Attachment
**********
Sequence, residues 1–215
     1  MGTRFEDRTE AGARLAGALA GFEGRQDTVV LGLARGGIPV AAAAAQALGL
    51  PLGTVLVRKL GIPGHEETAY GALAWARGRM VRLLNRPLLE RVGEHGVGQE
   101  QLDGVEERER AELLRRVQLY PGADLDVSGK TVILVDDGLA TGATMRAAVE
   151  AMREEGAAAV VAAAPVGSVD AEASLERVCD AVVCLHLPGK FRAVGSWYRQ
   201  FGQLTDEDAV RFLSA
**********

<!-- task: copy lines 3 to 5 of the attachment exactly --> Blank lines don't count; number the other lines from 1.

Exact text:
    51  PLGTVLVRKL GIPGHEETAY GALAWARGRM VRLLNRPLLE RVGEHGVGQE
   101  QLDGVEERER AELLRRVQLY PGADLDVSGK TVILVDDGLA TGATMRAAVE
   151  AMREEGAAAV VAAAPVGSVD AEASLERVCD AVVCLHLPGK FRAVGSWYRQ